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North East region to respond to impact of Brexit on exporting and the regional economy

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Representatives from the region’s business community will come together this later this month to discuss the future of exporting after Brexit at a presentation and panel discussion hosted by Ward Hadaway.

The Top 100 law firm will be joined by representatives from the Confederation of British Industry, the North East Chamber of Commerce, the North East LEP, NOF and Barclays Bank.

Held at the offices of Ward Hadaway in Newcastle, the event has been organised to update businesses in the North East on a range of potential Brexit outcomes, the potential consequences to the regional economy and help them to make contingency plans so they are ready to respond once we emerge from the current uncertainty.

The panel will consider the impact on exporting, international trade and the regional economy following Parliament’s decision on Theresa May’s Brexit deal, as well as reflecting on the new relationship with Europe.

Julie Underwood of the North East Chamber of Commerce said that while Brexit continues to be a major challenge for the North East, trade missions to Boston and Shanghai have already secured business.

She said: “Since April last year, businesses working with the Department for International Trade in the North East have secured over 300 export orders in markets outside the EU, with a forecast value of £370 million over the next five years. Also, as part of the North East-led trade mission programme, 35 businesses from across the North took part in missions to Boston and Shanghai, with some already securing business. Such missions are incredibly successful.”

George Rafferty, Chief Executive at NOF Energy, added that as the energy sector is one of the UK’s significant export success stories, it is important companies continue to trade with customers in Europe as simply and as smoothly as possible.

“As the energy sector is a truly global industry and UK companies, such as those in the NOF Energy membership, export around the world, any new trade deals could also benefit them and the countries that are keen on utilising British technology-led products and services.”

While businesses are rightly thinking about the impact of Brexit on their international operations, Will McGarrigle, Senior Policy Advisor at the Confederation of British Industry (CBI) said it’s also important to consider new markets as companies reassess whether their customers of today will still exist tomorrow.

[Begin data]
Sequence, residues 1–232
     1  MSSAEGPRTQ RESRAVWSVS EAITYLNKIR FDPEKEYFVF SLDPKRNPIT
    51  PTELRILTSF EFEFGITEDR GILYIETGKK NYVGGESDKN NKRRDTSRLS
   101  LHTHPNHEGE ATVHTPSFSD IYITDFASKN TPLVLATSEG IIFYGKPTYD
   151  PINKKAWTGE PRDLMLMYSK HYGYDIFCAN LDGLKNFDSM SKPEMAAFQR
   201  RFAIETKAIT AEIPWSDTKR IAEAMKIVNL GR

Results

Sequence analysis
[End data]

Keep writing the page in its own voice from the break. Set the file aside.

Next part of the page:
“The EU is the priority as the UK’s largest trading partner, but there are huge opportunities in high-growth markets around the world that firms can tap into. Exporting is a huge driver of growth, productivity and innovation and now is the time for businesses to develop an international strategy alongside the wide range of support services in the public and private sectors.”

Colin Bell, Business Growth Director at the North East LEP, explained that if we want to see our economy grow and create more and better jobs for the North East, it is essential business confidence remains high.

He said: “This event will help businesses plan and prepare for a range of Brexit outcomes and address some fears and uncertainties many businesses may have about potential changes to exporting and international trade following our planned departure from the European Union.

“In the coming weeks the North East LEP will be publishing its updated Strategic Economic Plan, which outlines how, as a region, we can grow and develop a more productive, inclusive and sustainable economy. It reflects on what’s been achieved to date and how we’re responding to ongoing economic and political changes.”

Colin Hewitt, Head of Ward Hadaway’s 40-strong Commercial team, among the largest in the region, said: “We are delighted to host this event and panel discussion about the impact the UK’s decision to leave the European Union will have on the regional economy and the plans businesses need to refine (if they have them) or put in place.

“The country is currently faced with a wide range of scenarios, from a “no deal” Brexit to a second referendum. Businesses need to keep abreast of the range of potential outcomes, and make contingency plans so they are ready to respond once we emerge from the current uncertainty. Parliament is in disarray but by the 23rd January we should have a clearer picture of where the country is likely to end up.

“It’s our role to ensure businesses have a thorough understanding of the commercial implications that Brexit will have. Ward Hadaway has already published some Brexit clauses for contracts and a Brexit checklist to encourage businesses to be more proactive.

The checklist covers information on HR, cross-border trade, contracts, intellectual property, competition policy and state aid, which can be found on the website.

Colin added: “This list means that businesses can be aware of policy, for example leaving the customs union, and will help them to think about their employee contracts and if they are in line with compliance issues. We all have an important role to play in helping the region’s businesses to navigate the future with support and practical solutions.”

“Ultimately, the support on offer to regional businesses will determine their ability to come through the Brexit process better off.”